I also noticed that the good people of SMITH magazine and Six Words are tripping down the halls of recollection. Through Friday, 12 September, they are harvesting your memories of academic successes and failures in their back-to-school Six Contest.

Perhaps you’ll consider taking part over there.

Here are some of mine. (And here are some not school-related sixers from Dr. Joe in Dublin. A tip of my writerly cap to this scientist writer!)

Six-word stories on back-to-school (and all things school, really):

Nimbus of curls hovers, then evaporates.

Son rising: Doe-eyed daredevil outclimbs himself.

Trust me, I’m no good at math.

Shyness 101: Feigned illness, skipped graduation.

Kindling at home, school; youth combusts.

Hot teacher motivated my good grades.

Sprinting from self, running on teams.

Abandon hope: Moving during high school.

The words shall set you free.

And now for what some would consider very dark humour (this is the ‘cleaner’ of the two memorable “Rowan Atkinson Live” sketches, usually called “Fatal Beatings”)! Hope you enjoy . . .








September’s Guest Storyteller, Leigh Ward-Smith

Leigh W. Smith:

Speculative fiction maven and haikuist Sarah Potter has graciously featured me as her September guest storyteller. Pop in for a read of my short fiction story about two among a special pack of enhanced beings and the researcher who chronicles their struggle for dominance. Then sit and visit a good while with Sarah’s imaginative prose, poetry, and photography.

Originally posted on sarahpotterwrites:

Leigh Ward-Smith

Leigh Ward-Smith has a journalism and editing background, but fiction, poetry, and creative nonfiction occupy most of her current brainspace. She blogs at Leigh’s Wordsmithery  but also tweets, tweaks her wordcraftery, and sometimes opines on Twitter @1WomanWordsmith or on Facebook.

[quote] “I credit Serendipity with helping me discover Sarah’s blog, for which I’m very grateful, and I thank you all for taking the time to read my work”.

Out of a group of genetically enhanced humans with canid capabilities, a female and male study subject battle for dominance with increasing aggression. One researcher monitors them from a distance, mindful that the study could spiral out of control but determined to see who will emerge as Alpha.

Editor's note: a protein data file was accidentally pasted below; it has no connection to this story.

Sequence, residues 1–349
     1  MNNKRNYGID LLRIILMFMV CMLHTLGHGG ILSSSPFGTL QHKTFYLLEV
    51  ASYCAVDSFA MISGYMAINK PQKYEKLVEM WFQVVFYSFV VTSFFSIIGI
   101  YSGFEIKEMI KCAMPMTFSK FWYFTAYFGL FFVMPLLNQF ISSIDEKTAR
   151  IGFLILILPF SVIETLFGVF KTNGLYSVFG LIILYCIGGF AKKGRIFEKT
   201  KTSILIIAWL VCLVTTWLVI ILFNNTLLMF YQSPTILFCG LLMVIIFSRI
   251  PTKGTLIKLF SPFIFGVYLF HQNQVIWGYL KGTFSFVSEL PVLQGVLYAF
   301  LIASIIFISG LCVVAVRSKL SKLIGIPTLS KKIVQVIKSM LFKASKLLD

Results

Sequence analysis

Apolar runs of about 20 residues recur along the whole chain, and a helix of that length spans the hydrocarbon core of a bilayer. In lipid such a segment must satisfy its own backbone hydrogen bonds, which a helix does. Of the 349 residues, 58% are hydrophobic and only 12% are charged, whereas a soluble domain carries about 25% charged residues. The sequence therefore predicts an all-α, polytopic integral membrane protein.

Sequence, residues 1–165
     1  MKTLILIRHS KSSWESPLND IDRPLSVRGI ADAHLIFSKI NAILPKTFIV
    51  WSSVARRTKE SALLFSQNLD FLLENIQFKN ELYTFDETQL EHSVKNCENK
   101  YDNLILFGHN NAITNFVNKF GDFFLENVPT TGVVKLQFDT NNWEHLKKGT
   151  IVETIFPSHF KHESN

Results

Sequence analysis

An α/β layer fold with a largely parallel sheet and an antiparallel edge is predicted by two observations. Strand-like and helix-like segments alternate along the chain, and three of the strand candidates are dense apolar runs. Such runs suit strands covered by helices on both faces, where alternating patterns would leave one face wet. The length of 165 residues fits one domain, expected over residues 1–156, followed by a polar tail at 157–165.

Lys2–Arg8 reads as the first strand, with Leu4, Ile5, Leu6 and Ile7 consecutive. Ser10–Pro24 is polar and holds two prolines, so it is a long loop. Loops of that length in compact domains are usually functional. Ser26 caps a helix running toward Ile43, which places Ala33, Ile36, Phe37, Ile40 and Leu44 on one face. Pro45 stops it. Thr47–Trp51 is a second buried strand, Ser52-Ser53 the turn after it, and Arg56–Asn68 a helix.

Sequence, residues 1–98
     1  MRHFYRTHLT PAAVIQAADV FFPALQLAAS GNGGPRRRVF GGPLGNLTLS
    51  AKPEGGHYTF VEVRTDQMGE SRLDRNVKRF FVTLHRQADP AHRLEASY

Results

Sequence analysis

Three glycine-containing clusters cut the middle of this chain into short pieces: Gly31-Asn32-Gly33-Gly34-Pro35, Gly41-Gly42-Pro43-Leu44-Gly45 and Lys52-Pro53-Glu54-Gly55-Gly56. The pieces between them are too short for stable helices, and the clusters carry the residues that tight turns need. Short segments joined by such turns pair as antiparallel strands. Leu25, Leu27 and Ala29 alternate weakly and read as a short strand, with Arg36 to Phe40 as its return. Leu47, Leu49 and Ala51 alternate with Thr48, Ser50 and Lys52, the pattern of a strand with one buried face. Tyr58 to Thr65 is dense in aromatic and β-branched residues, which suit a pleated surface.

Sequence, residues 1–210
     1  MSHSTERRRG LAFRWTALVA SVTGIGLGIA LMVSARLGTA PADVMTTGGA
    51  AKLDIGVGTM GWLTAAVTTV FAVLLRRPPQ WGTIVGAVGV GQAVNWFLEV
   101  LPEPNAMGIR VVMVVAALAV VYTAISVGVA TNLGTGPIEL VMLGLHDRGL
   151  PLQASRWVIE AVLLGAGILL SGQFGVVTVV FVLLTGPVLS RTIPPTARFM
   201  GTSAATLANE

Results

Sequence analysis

The Enhanced: Prologue

“Observation is the most pervasive and fundamental practice of all the modern sciences, both natural and human.” — Histories of Scientific Observation, edited by Daston and Lunbeck

Brandon tore a…

View original 715 more words

When We Are Our Works: Flash Fiction

An arborist works his magic at the Missouri Botanical Garden, summer 2014. Photo by Leigh Ward-Smith.
An arborist works his magic at the Missouri Botanical Garden, summer 2014. Photo by Leigh Ward-Smith.

In honor of Labor Day, and all the hard-working people out there, worldwide, I am taking the day off, with an “oldie” but, I hope you’ll agree, an existential goodie (of flash fiction) that I wrote a year or two ago.

Speaking of which (and to be very serious for a moment), I offer big props to one such dad-blogger, Andy Chih, whose blog is, sadly, on hiatus. But understandably so. He is taking a break so he can support his daughter by working hellacious hours at two jobs. My kudos to you, Andy.


When We Are Our Works

Copyright Leigh Ward-Smith, 2014

Almost nothing was under my control. That knowledge began to leach into me one day when I got back to my soda can–forted workspace.

Hunched over a crumby communal keyboard at the Weekly News, referred to by our sports editor/graphic designer/advertising supervisor as “Weakly, News,” I was jolted to learn that my neighbor, Candy Mangold-MacGuffin, had plummeted to a pancake death (Dale’s term) about an hour prior in the elevator shaft. It was exceedingly strange, made more so by the fact that there was no elevator in our building.

The pizza grease–laden telephone handle almost slipped out of my hand.

My roommate, photographer Marcy Heart, said she’d gotten a few decent shots of the scene. But it had defaulted to me to do the story. Everyone in this Everglades sinkhole of a newsroom had naturally assumed I’d give my eye teeth to write it. Although I was as curious as the next person—I mean, what horrible luck for Candy: recently finding love or something approximating it after 46 years of widowhood, with playboy and visiting artist Maximilian Capricorn—murders weren’t my beat. Really, they weren’t anybody’s beat around here. Those sticks had been dropped long ago, if they ever existed. In short, this place was too boring to have anything other than garden-variety deaths. More likely: deaths in gardens. Lots of old people equal lots of gardens, I learned here, if nothing else.